If I accidentally say something about a politician that’s not true, can I get in trouble? In New York Times Co. v. Sullivan, the U.S. Supreme Court looked at the question and used the concept of “actual malice,” which it defined as “with knowledge that it was false or with reckless disregard of whether it was false or not,” to determine the answer. How do you think the court ruled? Click the button below to read the case or scroll for a summary to find the answer.
New York Times v. Sullivan
Background: Traditionally, defendants in a defamation case were required to prove that the statements they made were true. The outcome of this case puts the burden of proof on the plaintiff.
Facts: In 1960, The New York Times ran a full-page advertisement paid for by civil right activists. The ad openly criticized the police department in Montgomery, Alabama for its treatment of civil rights protestors. Most of the descriptions in the ad were accurate, but some were false. The police commissioner, L. B. Sullivan, sued The New York Times in an Alabama court. Sullivan argued that the ad had damaged his reputation, and he had been libeled. The Alabama court ruled in favor of Sullivan, finding that the newspaper ad falsely represented the police department and Sullivan. After losing an appeal in the Supreme Court of Alabama, The New York Times took its case to the U.S. Supreme Court arguing that the ad was not meant to hurt Sullivan's reputation and was protected under the First Amendment.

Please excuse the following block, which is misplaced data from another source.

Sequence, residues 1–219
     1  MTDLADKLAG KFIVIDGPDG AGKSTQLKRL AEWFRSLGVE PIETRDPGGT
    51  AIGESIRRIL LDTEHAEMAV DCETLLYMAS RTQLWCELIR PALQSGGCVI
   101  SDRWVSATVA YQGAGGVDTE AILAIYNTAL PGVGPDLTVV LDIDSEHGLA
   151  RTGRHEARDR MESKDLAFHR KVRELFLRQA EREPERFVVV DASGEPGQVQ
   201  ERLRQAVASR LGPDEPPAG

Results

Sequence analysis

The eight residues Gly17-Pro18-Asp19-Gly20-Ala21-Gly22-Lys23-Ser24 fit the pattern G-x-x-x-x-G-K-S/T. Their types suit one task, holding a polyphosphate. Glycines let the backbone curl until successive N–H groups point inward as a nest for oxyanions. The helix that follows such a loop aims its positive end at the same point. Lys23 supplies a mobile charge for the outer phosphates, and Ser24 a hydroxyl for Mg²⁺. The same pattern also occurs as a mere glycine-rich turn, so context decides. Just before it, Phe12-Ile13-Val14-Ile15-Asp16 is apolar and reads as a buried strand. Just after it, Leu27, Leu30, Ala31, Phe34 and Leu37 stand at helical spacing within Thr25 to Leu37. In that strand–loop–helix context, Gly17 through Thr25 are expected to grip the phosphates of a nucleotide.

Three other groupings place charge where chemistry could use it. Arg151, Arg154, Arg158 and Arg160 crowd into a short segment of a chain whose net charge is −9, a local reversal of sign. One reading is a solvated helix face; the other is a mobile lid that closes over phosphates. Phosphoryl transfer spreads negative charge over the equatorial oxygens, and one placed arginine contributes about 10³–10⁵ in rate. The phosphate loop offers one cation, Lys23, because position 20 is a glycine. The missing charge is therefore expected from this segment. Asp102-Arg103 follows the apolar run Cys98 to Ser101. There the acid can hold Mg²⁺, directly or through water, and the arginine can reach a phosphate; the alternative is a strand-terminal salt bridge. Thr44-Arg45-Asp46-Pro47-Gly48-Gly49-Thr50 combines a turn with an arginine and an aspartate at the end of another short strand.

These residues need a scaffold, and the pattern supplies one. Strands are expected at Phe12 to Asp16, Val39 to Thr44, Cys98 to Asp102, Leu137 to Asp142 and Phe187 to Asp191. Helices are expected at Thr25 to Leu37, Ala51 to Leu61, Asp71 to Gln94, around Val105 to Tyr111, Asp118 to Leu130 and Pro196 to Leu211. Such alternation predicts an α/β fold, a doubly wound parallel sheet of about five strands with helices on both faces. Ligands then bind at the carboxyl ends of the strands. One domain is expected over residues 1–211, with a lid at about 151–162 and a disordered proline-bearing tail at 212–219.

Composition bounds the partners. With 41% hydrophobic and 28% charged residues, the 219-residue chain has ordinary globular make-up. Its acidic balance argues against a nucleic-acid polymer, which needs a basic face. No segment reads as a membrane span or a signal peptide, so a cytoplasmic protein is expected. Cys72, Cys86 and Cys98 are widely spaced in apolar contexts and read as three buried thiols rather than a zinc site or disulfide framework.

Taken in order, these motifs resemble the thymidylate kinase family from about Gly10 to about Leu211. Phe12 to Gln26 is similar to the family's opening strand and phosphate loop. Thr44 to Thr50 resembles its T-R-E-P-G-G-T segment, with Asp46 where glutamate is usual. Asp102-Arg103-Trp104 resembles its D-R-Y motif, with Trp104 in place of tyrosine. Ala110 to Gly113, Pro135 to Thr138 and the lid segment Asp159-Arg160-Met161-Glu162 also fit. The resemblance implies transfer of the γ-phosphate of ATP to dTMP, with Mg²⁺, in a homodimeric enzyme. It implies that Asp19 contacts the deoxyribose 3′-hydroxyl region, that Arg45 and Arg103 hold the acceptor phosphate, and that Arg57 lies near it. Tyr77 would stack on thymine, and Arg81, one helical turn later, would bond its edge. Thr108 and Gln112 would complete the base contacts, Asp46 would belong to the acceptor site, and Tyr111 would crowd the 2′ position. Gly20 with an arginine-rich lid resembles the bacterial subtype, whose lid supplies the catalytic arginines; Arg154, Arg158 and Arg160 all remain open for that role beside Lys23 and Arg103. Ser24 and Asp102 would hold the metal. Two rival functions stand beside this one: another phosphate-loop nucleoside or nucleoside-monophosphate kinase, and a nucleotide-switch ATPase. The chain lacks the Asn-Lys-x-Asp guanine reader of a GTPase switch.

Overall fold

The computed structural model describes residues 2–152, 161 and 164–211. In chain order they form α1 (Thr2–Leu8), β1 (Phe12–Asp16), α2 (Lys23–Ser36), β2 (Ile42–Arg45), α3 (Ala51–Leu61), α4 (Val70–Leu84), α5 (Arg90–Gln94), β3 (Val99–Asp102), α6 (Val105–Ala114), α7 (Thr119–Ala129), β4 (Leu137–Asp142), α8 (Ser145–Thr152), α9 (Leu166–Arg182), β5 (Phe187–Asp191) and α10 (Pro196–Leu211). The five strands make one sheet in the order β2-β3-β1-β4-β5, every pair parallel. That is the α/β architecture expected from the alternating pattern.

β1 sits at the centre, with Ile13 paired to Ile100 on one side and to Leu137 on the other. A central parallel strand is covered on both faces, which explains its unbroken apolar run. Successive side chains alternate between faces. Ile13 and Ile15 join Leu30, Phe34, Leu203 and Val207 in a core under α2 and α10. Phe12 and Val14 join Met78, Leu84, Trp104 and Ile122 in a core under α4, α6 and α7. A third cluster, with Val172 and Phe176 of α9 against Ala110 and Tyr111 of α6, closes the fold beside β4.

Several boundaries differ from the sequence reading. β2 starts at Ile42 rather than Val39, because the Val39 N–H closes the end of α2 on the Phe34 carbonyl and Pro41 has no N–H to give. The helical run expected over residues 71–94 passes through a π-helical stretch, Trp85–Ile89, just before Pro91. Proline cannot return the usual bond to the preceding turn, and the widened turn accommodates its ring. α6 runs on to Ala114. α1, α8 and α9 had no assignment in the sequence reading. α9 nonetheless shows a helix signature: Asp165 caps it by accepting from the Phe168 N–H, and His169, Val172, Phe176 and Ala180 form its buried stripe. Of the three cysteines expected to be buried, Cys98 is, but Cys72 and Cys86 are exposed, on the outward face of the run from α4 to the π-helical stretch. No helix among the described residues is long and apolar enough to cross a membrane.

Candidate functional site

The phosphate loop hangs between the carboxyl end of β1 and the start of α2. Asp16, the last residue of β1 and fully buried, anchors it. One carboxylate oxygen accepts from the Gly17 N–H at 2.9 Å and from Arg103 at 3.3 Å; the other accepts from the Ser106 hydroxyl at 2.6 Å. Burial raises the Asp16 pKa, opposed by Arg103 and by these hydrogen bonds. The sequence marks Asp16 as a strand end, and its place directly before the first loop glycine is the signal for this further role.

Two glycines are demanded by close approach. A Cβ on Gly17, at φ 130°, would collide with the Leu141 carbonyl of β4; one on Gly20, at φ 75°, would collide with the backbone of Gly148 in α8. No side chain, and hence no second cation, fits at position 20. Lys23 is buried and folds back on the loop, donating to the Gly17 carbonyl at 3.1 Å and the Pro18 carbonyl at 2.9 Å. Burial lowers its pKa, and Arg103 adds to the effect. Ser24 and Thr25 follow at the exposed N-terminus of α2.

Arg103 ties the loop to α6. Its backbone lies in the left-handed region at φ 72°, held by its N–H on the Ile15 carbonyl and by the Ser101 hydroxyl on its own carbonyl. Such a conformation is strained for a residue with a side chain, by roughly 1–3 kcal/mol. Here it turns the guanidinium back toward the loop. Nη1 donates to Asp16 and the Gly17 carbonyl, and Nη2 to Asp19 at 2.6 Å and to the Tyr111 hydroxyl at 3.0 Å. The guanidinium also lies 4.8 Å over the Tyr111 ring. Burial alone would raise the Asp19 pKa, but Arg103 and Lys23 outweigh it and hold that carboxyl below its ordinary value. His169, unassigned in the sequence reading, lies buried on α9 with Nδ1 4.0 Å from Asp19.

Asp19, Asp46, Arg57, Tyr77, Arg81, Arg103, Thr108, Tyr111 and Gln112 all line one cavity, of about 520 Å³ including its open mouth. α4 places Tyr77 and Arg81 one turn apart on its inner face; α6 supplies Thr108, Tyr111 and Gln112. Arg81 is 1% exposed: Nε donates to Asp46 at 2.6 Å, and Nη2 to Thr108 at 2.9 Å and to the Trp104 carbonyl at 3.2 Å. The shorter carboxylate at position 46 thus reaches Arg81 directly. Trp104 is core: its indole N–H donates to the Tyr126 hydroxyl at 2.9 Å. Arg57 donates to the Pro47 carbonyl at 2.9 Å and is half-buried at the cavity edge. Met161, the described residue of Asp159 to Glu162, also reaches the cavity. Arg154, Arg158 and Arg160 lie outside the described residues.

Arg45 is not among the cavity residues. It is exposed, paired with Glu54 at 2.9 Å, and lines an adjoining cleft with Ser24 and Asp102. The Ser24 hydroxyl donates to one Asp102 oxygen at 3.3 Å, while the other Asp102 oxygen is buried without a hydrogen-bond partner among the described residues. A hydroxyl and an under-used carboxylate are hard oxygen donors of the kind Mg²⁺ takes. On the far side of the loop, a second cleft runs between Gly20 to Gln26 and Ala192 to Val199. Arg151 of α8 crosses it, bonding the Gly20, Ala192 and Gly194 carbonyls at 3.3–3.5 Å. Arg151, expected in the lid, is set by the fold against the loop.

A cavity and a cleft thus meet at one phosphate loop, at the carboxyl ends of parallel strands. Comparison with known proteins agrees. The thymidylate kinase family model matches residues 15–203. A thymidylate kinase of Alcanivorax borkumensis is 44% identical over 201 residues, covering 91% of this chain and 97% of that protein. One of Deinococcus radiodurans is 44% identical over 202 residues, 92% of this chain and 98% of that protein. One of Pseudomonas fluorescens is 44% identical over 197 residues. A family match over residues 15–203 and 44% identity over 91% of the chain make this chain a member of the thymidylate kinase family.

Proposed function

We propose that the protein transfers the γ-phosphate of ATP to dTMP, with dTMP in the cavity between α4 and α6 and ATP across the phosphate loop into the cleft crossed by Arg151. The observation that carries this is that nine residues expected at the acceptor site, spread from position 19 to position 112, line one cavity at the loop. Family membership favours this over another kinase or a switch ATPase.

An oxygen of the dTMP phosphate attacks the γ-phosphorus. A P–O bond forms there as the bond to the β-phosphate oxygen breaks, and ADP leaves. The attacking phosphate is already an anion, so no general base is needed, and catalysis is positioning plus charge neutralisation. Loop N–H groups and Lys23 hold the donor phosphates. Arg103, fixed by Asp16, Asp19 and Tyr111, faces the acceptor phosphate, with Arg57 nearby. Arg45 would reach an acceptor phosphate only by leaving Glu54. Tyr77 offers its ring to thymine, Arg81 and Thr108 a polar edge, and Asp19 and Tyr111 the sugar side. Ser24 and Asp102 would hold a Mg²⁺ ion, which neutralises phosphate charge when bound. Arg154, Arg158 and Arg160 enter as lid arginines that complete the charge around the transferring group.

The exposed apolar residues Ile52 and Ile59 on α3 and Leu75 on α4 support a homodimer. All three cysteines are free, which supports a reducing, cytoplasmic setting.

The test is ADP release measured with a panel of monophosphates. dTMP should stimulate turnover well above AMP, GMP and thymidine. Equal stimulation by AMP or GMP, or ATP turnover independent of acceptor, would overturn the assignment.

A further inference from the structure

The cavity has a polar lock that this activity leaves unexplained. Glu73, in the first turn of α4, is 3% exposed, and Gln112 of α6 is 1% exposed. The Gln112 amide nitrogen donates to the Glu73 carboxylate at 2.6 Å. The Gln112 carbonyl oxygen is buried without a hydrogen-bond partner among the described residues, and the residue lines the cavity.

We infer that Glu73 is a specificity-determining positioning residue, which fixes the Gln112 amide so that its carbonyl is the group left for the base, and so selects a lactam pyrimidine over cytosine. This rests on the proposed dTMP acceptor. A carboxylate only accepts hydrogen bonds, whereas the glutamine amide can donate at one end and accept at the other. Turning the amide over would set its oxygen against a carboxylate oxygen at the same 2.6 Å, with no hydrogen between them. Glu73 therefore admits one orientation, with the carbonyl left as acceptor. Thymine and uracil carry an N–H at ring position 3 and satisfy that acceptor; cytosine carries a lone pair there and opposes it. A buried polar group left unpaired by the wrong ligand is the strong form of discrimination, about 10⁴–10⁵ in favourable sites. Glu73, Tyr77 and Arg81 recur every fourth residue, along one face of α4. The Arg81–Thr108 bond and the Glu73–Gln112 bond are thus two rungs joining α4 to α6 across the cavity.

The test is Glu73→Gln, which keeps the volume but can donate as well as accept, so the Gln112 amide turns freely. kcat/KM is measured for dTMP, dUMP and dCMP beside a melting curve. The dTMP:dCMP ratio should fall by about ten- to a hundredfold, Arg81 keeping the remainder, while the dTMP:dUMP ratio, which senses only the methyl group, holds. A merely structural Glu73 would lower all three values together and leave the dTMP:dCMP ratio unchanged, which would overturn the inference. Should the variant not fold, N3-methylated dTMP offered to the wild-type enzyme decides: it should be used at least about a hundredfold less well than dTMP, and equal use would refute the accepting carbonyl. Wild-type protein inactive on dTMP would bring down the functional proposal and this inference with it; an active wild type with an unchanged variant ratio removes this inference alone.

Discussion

Court Ruling: The Court unanimously ruled in favor of the newspaper. The Court asserted America’s “profound national commitment to the principle that debate on public issues should be uninhibited, robust, and wide-open.” Free and open debate about the conduct of public official, the Court stated, was more important than occasional, honest factual errors that might hurt or damage officials’ reputations. Justice William J. Brennan, writing for six-member majority of the Court, held:
The constitutional guarantees require, we think, a federal rule that prohibits a public official from recovering damages for a defamatory falsehood relating to his official conduct unless he proves that the statement was made with “actual malice” – that is, with knowledge that it was false or with reckless disregard of whether it was false or not.
In his concurring opinion, Justice Hugo Black wrote,
I doubt that a country can live in freedom where its people can be made to suffer physically or financially for criticizing their government, its actions, or its officials…An unconditional right to say what one pleases about public affairs is what I consider to be the minimum guarantee of the First Amendment.
Content from American Bar Association, “Free Press and SCOTUS: Incorporating Case Studies in the Classroom,” Law Day 2019 Planning Guide, available at https://www.americanbar.org/groups/public_education/law-day/law-day-2019/planning-guide/High-school-lesson-plans/